In light of the extreme weather challenges faced by the city and the MBTA in 2015, Governor Charlie Baker convened a special panel to review the finances and operations of the organization. In April, the panel released a detailed report and plan of action to reform and improve the T going forward.
Over a 6-week period, the panel met 18 times to review past studies and data. Along with MBTA staff and MassDOT leadership, transit advocates, and labor representatives, they were able to benchmark the MBTA against peer agencies and analyze performance objectively. They synthesized recent MBTA studies, conducted a performance review, examined the MBTA’s core functions, and compared results with other transit operations to assess the status of the system’s governance, finances, and capital planning.
- Chairperson Katie Lapp, Executive Vice President for Harvard University and former Executive Director and CEO for the New York Metropolitan Transportation Authority
- Chairperson Brian McMorrow of Massport
- Jane Garvey, a national leader in transportation policy
- Jose A. Gomez-Ibanez, Derek C. Bok Professor of Urban Planning and Public Policy at Harvard University
- Joseph Sullivan, Mayor of Braintree and former Chair of the Joint House-Senate Transportation Committee
- Robert Gittens, Vice President of Public Affairs at Northeastern University
From a press conference at the State House on April 8, 2015, the Baker Administration and members of the panel announced a summary of key findings and proposed recommendations for short- and long-term reforms.
“Massachusetts deserves a reliable, well-managed, cost-effective transportation system, and this in-depth report offers a plan of action to responsibly pursue organizational and operational reforms to reach this goal,” said Governor Baker. “Thanks to the hard work of the panel members, we have action items to improve service reliability, correct the failures that would bankrupt the MBTA if left unchecked, and rescue the transportation system our economy relies upon.”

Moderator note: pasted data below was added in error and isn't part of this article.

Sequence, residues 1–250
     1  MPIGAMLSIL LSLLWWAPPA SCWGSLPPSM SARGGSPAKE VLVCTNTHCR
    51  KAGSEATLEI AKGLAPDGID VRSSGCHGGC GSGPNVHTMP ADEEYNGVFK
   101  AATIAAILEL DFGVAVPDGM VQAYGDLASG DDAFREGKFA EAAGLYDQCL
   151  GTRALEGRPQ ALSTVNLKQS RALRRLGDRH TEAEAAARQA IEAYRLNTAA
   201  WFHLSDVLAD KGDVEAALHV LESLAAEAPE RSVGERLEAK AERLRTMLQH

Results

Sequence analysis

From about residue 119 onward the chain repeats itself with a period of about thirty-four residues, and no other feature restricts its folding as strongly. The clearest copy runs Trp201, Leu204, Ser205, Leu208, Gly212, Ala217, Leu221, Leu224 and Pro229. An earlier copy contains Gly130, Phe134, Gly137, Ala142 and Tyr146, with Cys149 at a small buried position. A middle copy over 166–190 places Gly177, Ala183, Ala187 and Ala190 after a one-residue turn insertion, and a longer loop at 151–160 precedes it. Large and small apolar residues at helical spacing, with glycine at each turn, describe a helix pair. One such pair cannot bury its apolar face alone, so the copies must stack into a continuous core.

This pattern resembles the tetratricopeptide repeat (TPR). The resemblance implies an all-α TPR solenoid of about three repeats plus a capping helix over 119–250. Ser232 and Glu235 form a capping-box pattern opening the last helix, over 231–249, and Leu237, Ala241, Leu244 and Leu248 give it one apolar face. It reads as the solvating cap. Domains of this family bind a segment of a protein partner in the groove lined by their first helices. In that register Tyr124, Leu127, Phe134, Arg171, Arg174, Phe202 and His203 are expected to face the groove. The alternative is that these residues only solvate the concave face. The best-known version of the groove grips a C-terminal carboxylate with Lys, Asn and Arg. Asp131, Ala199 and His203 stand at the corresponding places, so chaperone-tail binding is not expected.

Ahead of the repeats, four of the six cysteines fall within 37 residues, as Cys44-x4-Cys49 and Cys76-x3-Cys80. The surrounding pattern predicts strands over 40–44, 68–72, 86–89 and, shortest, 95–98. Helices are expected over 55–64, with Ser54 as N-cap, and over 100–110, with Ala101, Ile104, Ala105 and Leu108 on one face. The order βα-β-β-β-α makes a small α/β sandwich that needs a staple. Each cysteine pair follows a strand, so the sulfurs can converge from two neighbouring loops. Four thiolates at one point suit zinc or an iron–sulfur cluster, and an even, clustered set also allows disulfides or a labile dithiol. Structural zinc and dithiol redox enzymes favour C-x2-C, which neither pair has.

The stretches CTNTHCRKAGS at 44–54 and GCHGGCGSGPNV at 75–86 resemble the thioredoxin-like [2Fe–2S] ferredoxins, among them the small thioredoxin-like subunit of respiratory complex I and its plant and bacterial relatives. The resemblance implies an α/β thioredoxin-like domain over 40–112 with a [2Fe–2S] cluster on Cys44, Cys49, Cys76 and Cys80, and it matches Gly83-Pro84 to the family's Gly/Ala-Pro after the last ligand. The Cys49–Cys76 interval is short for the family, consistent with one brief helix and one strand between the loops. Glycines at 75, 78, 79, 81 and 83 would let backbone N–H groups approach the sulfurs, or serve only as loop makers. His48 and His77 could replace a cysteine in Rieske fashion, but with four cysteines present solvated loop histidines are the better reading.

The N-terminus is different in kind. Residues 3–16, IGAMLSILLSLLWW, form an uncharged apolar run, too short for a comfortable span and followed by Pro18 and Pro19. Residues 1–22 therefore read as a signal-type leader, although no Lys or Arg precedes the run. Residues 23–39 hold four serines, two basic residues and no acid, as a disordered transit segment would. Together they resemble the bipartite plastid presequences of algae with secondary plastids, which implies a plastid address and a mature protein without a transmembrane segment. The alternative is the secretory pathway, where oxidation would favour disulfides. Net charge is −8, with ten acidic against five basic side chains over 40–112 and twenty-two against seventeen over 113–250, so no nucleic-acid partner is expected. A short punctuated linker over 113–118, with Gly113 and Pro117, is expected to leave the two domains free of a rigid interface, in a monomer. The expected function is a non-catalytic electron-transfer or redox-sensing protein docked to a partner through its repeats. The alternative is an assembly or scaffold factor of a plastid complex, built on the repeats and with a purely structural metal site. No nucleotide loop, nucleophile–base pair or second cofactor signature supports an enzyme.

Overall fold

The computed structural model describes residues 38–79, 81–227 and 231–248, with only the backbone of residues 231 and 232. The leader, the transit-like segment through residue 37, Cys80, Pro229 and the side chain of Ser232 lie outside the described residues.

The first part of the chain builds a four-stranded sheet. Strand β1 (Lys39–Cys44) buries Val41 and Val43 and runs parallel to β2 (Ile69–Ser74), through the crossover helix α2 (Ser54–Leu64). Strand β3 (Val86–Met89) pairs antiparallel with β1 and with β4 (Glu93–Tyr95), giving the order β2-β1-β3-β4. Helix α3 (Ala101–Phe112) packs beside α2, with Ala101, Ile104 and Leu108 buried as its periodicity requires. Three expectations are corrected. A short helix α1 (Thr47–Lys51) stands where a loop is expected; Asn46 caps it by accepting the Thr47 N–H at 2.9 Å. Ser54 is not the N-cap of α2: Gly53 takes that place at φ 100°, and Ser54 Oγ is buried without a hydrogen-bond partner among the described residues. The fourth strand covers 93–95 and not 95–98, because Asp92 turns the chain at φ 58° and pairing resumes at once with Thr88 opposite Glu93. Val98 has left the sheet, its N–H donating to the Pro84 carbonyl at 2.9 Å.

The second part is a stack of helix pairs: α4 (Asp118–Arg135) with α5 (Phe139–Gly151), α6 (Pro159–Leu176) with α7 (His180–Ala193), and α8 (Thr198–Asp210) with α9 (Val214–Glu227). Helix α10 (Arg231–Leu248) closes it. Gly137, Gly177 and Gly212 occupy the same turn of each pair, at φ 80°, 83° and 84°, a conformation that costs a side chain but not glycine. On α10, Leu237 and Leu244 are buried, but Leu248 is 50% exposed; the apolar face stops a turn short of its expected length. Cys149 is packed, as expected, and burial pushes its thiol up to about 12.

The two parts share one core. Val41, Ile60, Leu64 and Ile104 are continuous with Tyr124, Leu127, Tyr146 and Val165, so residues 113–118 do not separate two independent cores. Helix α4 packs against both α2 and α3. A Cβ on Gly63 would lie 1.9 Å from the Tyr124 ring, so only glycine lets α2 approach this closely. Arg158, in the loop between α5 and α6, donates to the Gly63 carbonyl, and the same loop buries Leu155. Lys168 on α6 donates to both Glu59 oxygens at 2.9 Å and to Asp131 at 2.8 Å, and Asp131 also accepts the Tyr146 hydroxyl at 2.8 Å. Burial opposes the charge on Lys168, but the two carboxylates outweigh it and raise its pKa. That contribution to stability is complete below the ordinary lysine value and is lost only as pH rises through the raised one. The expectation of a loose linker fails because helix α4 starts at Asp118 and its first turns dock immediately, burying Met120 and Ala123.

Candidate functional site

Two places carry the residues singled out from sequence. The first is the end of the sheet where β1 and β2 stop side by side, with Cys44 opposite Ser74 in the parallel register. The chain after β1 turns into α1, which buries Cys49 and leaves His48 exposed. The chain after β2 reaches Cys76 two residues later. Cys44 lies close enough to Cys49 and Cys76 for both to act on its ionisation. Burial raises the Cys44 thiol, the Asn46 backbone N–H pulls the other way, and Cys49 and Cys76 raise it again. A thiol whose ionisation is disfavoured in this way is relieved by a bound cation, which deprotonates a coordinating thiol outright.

- Unsustainable Operating Budget: The MBTA would be insolvent if not for continuing and increasing subsidies due to a severe imbalance between costs and revenue.
- Chronic Capital Underinvestment: The MBTA has not spent the capital funds already available to it, resulting in chronic underinvestment in its aging fleet and infrastructure.
- Bottleneck Project Delivery: The MBTA struggles to get projects completed.
- Ineffective Workplace Practices: The MBTA is ineffective at managing work due to weak workplace practices and chronic absenteeism.
- Shortsighted Expansion Program: MassDOT and the MBTA lack a long-range expansion strategy shaped around the physical and financial capacity of the MBTA and future needs for regional transit.
- Organizational Instability: The MBTA is hampered by frequent leadership changes, vacancies, and looming attrition.
- Lack of Customer Focus: The MBTA is not organized to operate as a customer-oriented business.
- Flawed Contracting Process: The MBTA’s procurement and contract management is inefficient.
- Lack of Accountability: The Commonwealth provides more than half of the MBTA operating budget and additional funding for capital projects, but the MBTA is not accountable to the Governor or the Legislature.
After considering a range of scenarios, the panel recommended creating the Fiscal and Management Control Board to enforce new oversight and management support and increase accountability over the next 3-5 years. Their goals will include structural, financial, operational, and governance reform through executive and legislative actions that embrace transparency and develop stability.
- Oversight of Fiscal and Management Operations: Replace the current MassDOT Board with a 5-member Fiscal and Management Control Board. The Governor will appoint 3 members of the board, as well as a Chief Administrative Officer who will report to the board. 2 additional members will be nominated by the Speaker of the House and the Senate President, respectively.
- Capture Revenue Opportunities: Significantly increase revenue from fares, advertising, and real estate, as well as grants and federal programs.
- Budget Firewall: Build a firewall between the operating and capital budgets, and construct 1-, 5-, and 20-year plans for each.
- Capital Planning: Create a dedicated state-funded capital program to modernize vehicles and infrastructure, and pause construction spending for system expansion—except for federally funded projects—until such a plan is in place.
- Customer Service: Create customer-oriented performance management and strengthen communications.
- Update System Routes: Rationalize and reform system routes, including buses.